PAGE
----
I’ve gone through countless pounds of butter and dozens of eggs. I’ve traipsed out to buy a new hand-held mixer when one died, its beaters lodged in gingerbread dough. (Thank goodness I now have a KitchenAid – vroom vroom!) I ever-so-thankfully received a brand new oven from my parents as an early Christmas gift when mine went on the fritz just before the big baking day. And I’ve used a wide array of containers, from tins, plastic baggies, and Chinese food boxes to mason jars, coloured cardboard boxes, and lunch bags à la brown paper packages tied up with string.
Much like running a marathon, this year’s 17-hour baking day (including packaging and clean up) was a full-body experience judging by all the parts of me that were sore by the end of the day. Am I getting old? Maybe. I should try wearing sneakers next year – they ought to be more supportive than my fuzzy house slippers. But I don’t intend to slow down. Oh no. That wouldn’t be any fun.
What’s fun is sitting with a cup of tea and Charlie Brown Christmas music, clicking through websites and flipping through old and new holiday editions of Cooking Light, Canadian Living and Martha Stewart, picking out recipes, and building a grocery list. Fun is seeing a bunch of disparate ingredients come together to form something beautiful and delicious. Fun is coaxing that fudge to soft ball stage and then beating the living daylights out of it before pouring in the pan. Fun is working that dough into shapes with excited anticipation of all the pieces of the puzzle coming together in the end.
Fun is the pleasure my treats bring to family, friends and co-workers, and even beyond. More than once, I’ve been told my cookies saved the day when unexpected guests dropped by during the busy holiday season. This year, I’m all aw shucks with several suggestions that I go pro, and one disbeliever who couldn’t fathom a non-professional producing such treats. Grin.
My favourite this year – and I think the prettiest I’ve ever made – is the raspberry linzer cookie. It was nearly a flop with dough that kept falling apart and only produced half the batch, but that’s probably because I cheated. Yes, it’s true. I’m a bad, bad girl for trying to use pre-ground almonds. But I’ll try it again – properly – and hopefully with more success, and a whole batch.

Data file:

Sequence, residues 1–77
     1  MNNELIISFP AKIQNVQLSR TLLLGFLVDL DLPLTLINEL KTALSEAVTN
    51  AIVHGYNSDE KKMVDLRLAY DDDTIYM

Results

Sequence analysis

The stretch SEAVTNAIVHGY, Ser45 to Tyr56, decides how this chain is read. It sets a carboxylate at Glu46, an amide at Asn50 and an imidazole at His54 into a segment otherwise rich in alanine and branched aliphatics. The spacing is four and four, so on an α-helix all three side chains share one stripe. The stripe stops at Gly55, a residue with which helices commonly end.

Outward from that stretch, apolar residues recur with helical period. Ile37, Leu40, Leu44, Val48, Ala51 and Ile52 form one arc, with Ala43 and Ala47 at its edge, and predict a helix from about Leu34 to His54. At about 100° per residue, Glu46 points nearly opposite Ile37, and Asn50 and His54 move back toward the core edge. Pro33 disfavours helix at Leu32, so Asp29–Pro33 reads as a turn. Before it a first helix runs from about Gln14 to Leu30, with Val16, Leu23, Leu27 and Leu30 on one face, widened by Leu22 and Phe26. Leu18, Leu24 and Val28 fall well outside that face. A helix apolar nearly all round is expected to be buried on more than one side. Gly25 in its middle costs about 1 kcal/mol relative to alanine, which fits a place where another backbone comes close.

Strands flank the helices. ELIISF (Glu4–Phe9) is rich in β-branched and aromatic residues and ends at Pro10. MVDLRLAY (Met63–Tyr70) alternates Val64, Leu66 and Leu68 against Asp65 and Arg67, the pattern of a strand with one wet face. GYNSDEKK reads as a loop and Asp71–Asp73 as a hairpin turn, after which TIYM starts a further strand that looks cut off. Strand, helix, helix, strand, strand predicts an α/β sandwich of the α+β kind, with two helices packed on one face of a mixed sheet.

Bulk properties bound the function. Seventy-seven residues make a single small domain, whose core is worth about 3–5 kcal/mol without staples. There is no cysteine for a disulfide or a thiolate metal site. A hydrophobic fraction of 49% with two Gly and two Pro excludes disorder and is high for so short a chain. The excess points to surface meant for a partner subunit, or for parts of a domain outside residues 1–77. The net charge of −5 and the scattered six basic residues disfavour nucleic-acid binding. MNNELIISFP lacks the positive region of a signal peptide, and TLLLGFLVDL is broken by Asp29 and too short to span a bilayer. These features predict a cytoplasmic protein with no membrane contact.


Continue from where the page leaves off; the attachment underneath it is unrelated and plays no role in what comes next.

The Dulce de Leche cookie is a close second, although I had to add a couple of tablespoons of cold water to get the dough to stick together. And everything else is a close third.
My dozen recipes for the 2012 edition of the holiday baking marathon are below. But first, a few tips for your own baking adventure:
This may seem obvious, but read ALL the instructions for ALL your recipes in advance. You don’t want to be half way through and discover you need a food processor, or that something has to chill for 24 hours.
Mix all your dry ingredients in plastic bags, and do any chopping chocolate or toasting nuts etc. in advance. It will save you time on baking day, so your oven won’t be sitting hot and idle. Oh, and never, ever walk away from your oven when toasting nuts – watch them like a hawk because they go from toasted to burnt in mere seconds.
Check all your recipes for chilling time for doughs, as well as oven temperatures, baking times, and anything else that will dictate the best order. Create a game plan based on this information. For example, while my dulce de leche was cooking for 1 ½ hours, I had time to make the doughs that needed to chill. I did everything that bakes at 350 degrees before turning the temperature up to 425 for pork pies – which flopped. Boo.
Clear any unnecessary clutter out of your kitchen so there’s lots of space to work and to spread out cooling racks. Investing in double decker cooling racks is a great idea for small spaces.
You wouldn’t run a marathon without water and food, right? So sip from your water bottle and have something ready to eat for lunch and supper. I didn’t follow my own advice this year and had to send H out for sandwiches at lunchtime. Boo.
Here are the hits from the 2012 edition of the holiday baking marathon:
I decided to make these lemon scented by adding about a teaspoon of lemon rind and replacing the vanilla with lemon juice. I also rolled them and gently patted them down, because I wanted a shape that’s less likely to break when packaged.
2 c. butter
1 c. icing sugar
1/2 c. corn starch
3 c. flour
1 tsp vanilla
1/2 tsp salt
Mix until creamy. Drop on cookie sheet by tablespoonful. Bake at 350 for 8-10 min.
Maple Cream Fudge A lady who used to come to my aquafit class brought me a little package of this fudge as a gift one year. I took one bite and begged for the recipe. You may want help with the beating as it takes a long time. But it’s so worth it. Don’t forget to scrape the pot.
Ingredients: 3 c. brown sugar
2 tbsp flour
2 tsp baking powder
4 tbsp butter
pinch of salt
1 c. evaporated milk
Cook on medium heat, stirring constantly (wear an oven mitt to avoid burns), until soft ball stage (7 or 8 minutes after it boils). To check for soft ball stage, put a teaspoonful of the mixture in a glass of ice water. If it’s all stringy, it’s not at soft ball stage yet. When it’s ready, it will form a soft ball.
Remove from heat and beat. Mixture will turn glossy. Keep beating. Long after your arm feels like it’s going to fall off, the mixture will thicken. Keep beating. When the glossiness fades from the surface and the spoon leaves traces through the mixture, pour into pan. Let cool for about a half hour. Cut into squares and let harden.